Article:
NEWS Jamaica Plain’s Tot Cafe Brings Diverse Baby Food Options, Where Kids Can Be Kids – NBC Boston

Jamaica Plain's Tot Cafe Brings Diverse Baby Food Options, Where Kids Can Be Kids – NBC Boston

A new restaurant has opened in Boston’s Jamaica Plain neighborhood, but this cafe has a twist.

It’s the latest business venture from a mom with a mission to bring the community together one at a time. Little Cocoa Bean Co. Tot Cafe is a hybrid restaurant and play space that aims to provide healthy, varied food to kids in an approachable way, while bringing people together in the process.

Local mom-turned-entrepreneur Tracy Skelly started Little Cocoa Bean Co. a few years ago to fill a void she saw in the grocery store.

“Everything is very Eurocentric,” Skelly said. “But, you know, we have a very diverse population right now. People come from all over the world and they’re raising their kids in a way that wants to incorporate some of these traditional foods.”

Little Cocoa Bean Co. is a business concept born in a doctor’s office.

The journey has moved from creating a diverse range of baby food and baby food making kits and products, to selling directly to consumers, to a pop-up storefront on Boston Seaport. It’s now leading to this new brick-and-mortar cafe and playground on South Street.

The cafe officially opened on Saturday, with several community members and leaders in attendance for the big day.

Food is fun and combines ingredients to ensure variety and nutrition.

“For example, we have chips on the menu,” Skelly said. “They’re fried or baked, but we have Okinawan fries and purple potato fries. We have yuca fries, we have plantain fries.”

The space is equipped with activities and toys that allow children to play and graze. The attention to detail also includes tabletops you can draw on, and a goal to recruit staff with experience in both early childhood education and retail. Once inside it’s easy to see that this is a mission beyond food.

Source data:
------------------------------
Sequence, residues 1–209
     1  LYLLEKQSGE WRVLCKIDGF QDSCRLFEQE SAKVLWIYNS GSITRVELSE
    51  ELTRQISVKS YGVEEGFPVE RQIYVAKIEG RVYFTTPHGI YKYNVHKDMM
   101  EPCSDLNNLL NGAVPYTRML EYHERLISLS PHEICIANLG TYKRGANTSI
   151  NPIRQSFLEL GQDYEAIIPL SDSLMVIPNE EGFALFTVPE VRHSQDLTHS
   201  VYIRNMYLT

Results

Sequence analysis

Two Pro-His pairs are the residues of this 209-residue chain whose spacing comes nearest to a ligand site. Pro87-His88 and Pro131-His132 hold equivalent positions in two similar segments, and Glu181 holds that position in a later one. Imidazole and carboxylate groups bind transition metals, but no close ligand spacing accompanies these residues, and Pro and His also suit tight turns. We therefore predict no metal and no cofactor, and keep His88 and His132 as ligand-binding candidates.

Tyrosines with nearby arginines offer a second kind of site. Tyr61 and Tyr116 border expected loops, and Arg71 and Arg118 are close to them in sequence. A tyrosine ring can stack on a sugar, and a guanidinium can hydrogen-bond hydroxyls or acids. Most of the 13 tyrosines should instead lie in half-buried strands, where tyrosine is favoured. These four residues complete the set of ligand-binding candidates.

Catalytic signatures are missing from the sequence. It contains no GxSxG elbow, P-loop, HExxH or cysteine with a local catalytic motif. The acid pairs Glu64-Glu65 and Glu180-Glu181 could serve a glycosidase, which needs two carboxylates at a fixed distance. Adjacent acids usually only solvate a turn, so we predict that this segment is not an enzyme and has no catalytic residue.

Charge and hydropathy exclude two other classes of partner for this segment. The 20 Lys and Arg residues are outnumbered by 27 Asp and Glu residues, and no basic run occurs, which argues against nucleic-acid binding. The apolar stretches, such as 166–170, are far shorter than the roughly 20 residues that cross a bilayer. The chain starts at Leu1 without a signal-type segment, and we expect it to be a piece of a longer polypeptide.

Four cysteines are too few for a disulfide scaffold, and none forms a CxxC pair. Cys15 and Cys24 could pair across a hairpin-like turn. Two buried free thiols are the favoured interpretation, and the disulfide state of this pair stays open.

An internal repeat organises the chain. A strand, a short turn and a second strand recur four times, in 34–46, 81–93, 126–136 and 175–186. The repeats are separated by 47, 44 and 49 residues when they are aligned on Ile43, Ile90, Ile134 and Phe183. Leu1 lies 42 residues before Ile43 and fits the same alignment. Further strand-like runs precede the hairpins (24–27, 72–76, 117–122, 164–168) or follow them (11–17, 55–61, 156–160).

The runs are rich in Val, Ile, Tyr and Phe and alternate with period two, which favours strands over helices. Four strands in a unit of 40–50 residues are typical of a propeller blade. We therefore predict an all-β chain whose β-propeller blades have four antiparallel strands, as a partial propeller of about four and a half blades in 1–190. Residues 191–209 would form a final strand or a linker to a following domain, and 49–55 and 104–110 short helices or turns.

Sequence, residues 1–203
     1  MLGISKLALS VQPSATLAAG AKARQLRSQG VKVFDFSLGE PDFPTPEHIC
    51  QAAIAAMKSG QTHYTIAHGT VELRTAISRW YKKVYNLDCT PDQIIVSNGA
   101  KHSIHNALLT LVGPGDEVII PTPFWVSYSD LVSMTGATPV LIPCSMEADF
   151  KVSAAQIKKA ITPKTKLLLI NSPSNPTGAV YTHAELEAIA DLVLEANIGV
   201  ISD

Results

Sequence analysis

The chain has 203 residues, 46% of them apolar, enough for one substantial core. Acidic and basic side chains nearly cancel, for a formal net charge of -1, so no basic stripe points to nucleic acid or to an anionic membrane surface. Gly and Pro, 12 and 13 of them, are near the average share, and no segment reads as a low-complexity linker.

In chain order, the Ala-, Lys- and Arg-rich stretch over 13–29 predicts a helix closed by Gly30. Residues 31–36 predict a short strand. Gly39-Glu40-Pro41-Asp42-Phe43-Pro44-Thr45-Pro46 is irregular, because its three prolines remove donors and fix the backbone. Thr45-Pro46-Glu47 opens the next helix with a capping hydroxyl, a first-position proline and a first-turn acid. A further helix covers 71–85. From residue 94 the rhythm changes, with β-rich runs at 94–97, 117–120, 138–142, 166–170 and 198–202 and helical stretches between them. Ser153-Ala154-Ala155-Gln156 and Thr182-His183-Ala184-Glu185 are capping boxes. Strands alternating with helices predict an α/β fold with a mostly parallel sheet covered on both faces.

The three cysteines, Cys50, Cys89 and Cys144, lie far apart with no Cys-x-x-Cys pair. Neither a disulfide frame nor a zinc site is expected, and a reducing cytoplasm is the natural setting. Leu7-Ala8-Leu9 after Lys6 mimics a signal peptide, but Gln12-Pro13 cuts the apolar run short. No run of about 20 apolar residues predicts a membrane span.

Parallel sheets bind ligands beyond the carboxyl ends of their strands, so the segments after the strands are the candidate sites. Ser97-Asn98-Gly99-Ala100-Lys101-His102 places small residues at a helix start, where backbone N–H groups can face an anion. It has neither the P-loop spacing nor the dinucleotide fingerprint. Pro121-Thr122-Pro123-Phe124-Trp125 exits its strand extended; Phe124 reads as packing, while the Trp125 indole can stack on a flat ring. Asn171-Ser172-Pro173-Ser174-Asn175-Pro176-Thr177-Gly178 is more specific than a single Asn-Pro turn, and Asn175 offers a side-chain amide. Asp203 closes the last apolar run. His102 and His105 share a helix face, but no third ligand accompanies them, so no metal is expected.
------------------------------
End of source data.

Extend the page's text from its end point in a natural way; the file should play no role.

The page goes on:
“We can sell our healthy, fresh, diverse food from this particular space, but it also allows us to be part of the community, providing a space for caregivers to come together as a community and meet other people,” Skelly said. .”

Many people have longed for that connection since the pandemic began.

The café combines all the ingredients for raising a strong and healthy child, while also providing a place for parents and carers to connect, grow and learn. They host events in their back room, including parenting and postpartum workshops, and birthday parties. This space gives the smallest customers a chance to be themselves.

“They want to be messy; they want to be loud,” Skelly said of children’s nature. “So, I think, parents are really happy to have a space that feels like it’s made for them and to feel that their kids are welcome and allowed to be kids.”

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